I lost my innocence many years ago. It was nobody’s fault. It just happened. My body got longer and hairier and I suddenly realised that the action figures I no longer played with were no longer anatomically correct even though they hadn’t changed, I had. I still pulled the girls pigtails, but not quite as hard as I did before, and I didn’t run away as quickly, and I was secretly so pleased when they easily caught me. And that was that. Boom. I was all grown up. Well, I was anatomically correct for an adult but I hadn’t changed. Confused? You get the idea of growing up then.
The things that you can console yourself with as you age are your memories. Fixed, firm and fair in your head. Revisited for pleasure as traffic-free reminiscences when modern life often threatens to overwhelm you with its demands for multi-tasking wi-fi lifestyle choices of reduced-cholesterol phone upgrades; or so it often seems. The theme park of the mind but with no queuing, no rain clouds and no cheese sandwiches that have cooked in your vinyl rucksack and smell of heated Tupperware or spilled Ribena. Imagine walking down a sunny coastal path every day for what seems like forever. You know the path, you know the way and you know that the sun will always beat down pleasantly on your back for the journey. These are our childhood memories. I know I said the theme park was but allow a troubled man to mix his metaphors. Who wouldn’t want to revisit either at the drop of a synapse?
Of late my rose tinted specs seem to be more prick than petal as I’m forced to re-remember (which is troubling because I don’t remember if that’s a word) my childhood memories and make angular adjustments to those well-worn sojourns.
Something is happening with my childhood and it’s happening to yours. The safe haven of the past is suffering from a leak and the jagged present is rushing in. The sunny coastal path is being eroded, we’re not too sure of the way there, or back, and the sun is being covered by large black clouds. The theme park is closed for repairs. The one that’s at the end of the sunny coastal path. The one that’s being eroded. Confused? You get the idea of our predicament then.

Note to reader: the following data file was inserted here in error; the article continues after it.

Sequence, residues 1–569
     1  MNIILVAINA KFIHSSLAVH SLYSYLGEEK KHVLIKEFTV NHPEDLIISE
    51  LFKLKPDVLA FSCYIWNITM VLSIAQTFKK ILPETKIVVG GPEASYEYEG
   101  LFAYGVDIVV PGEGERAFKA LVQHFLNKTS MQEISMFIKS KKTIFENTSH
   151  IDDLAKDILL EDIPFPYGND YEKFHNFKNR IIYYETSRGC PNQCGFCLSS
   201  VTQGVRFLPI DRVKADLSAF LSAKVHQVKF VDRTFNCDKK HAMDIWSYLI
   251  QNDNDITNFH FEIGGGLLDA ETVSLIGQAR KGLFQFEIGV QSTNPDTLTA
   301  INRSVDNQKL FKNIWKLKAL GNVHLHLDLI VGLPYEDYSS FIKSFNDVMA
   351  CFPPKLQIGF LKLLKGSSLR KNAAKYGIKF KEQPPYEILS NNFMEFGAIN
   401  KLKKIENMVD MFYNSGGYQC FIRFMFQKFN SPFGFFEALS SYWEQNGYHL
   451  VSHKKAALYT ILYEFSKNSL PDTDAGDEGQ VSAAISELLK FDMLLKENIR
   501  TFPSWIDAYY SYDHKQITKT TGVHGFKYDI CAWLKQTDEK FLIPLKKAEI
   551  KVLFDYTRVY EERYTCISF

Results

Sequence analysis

The British TV actors and presenters that have recently been arrested and charged and accused of crimes of historic sexual abuse reads like a Who’s Who of the flared and flamboyant 1970’s. Off-screen the decade was dour if you were an adult. If the electricity didn’t cut out in the evening, if you could bury the dead, if the rubbish was collected, if inflation didn’t eat your earnings away to nothing, if you could get your head around decimalisation then you were doing OK, for the 1970’s.
For us kids it was just a kaleidoscopic decade of, well, kaleidoscopes for one, but colour TV, grass-stains, telescopes, lime-flavoured anything, long hair, wide trousers, short shorts, footballs, theme tunes, cartoons, top tens and wigwams. That was just the weekends. During the winter nights the TV was home to our heroes and idols, whose depravity we couldn’t imagine, hidden as it was off-screen, behind the curtain, behind the smile, behind the catchphrase and theme tune, out of shot, out of sight, out of mind. For the time being when the time being was the 1970’s.
What was it that drove many to act like that? Was it simply because they could? Was it a power trip? Were they weak? Bored? Sick? Evil? Yes. Yes all of those.
So we all have had our childhoods re-invented by the very people that originally shaped them. As silently as their crimes went unnoticed we have experienced a creeping, pernicious alteration to our national psyche. A simple theme tune can now kick out the warm glow that once formed forever and replace it with darker thoughts that you can’t help but play host to but don’t want to acknowledge. A catchphrase once mimicked in the playground and playing fields now hides a darker, broken tale that no one'll fix. Why did this happen? Are we somehow responsible for the change? Did we do enough? Is it still going on? How many more? How’s about that then?